The stadium itself was incredible to behold. Its 150,000 capacity, however, was not exactly tested, as perhaps less than a quarter of the stadium was filled. It was impeccably clean (like all of Pyongyang) and the people watching the game were very well-dressed. The stewardesses, as you will have seen above, were dressed beautifully in hanbok.
As shells fell over the DMZ and the world media speculated that the Korean War was back on (even in South Korea people were now worried), I sat in a stadium in North Korea, watching representatives from either country shake hands and play a good-natured game of football. There was no booing, no heckling, no hacking, no cheating… It was just good honest sport.
In the end, the North Korean side won 3-0, for which we were all thankful. Everyone was happy and peaceful leaving the stadium. I didn’t sense any ill-will but I didn’t want to find out what it looked like when a South Korean side won a game in Pyongyang.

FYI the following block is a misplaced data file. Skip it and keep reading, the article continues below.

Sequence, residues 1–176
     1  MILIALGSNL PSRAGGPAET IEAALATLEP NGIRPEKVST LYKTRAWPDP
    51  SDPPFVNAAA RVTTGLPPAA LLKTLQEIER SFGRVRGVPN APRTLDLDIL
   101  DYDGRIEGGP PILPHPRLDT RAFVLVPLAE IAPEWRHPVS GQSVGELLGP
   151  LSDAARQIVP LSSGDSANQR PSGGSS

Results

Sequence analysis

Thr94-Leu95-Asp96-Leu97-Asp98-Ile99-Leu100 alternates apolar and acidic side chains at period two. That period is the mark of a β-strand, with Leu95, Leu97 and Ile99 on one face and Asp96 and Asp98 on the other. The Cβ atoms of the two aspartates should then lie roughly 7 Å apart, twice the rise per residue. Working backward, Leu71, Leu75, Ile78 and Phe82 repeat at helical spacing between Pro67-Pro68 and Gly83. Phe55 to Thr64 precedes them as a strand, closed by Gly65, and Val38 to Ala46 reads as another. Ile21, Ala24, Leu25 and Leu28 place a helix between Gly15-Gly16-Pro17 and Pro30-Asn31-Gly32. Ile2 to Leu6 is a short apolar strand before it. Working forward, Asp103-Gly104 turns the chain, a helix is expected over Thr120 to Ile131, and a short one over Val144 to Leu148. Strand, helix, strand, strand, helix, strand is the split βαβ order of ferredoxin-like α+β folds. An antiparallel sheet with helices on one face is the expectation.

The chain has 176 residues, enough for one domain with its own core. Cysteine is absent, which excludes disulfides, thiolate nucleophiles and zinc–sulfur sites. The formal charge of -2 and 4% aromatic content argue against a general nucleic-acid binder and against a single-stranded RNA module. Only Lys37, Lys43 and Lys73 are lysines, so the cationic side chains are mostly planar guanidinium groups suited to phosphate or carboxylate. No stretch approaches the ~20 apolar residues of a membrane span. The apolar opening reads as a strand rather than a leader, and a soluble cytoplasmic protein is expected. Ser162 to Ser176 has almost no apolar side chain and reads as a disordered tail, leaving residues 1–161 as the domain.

After the game we went out for samgyeopsal and soju. North Korean soju is vile compared to its South Korean counterpart, and would give me one hell of a headache the next morning, as we prepared to head back to China.
Once I’m done going through all these African photos I’ve been posting lately, I’m going to start working backwards and uploading older photos and travel stories. Next up is North Korea.
Last summer, I visited North Korea to run the Mt. Paekdu half-marathon. It was one of the most amazing and eye-opening trips of my life, and changed my attitudes towards politics and the world.
On that trip I got to see inside a country that few others ever have the chance of visiting, and saw into the lives of the people who lived there. You often see stories in the Guardian and elsewhere that sensationalize it, but these are filled with bullshit. People write stories and post misleading photos in order to make sell their article. I’m not trying to say my experience was more “authentic” or anything like that, but that these other photographers and journalists aren’t interested in the true face of humanity.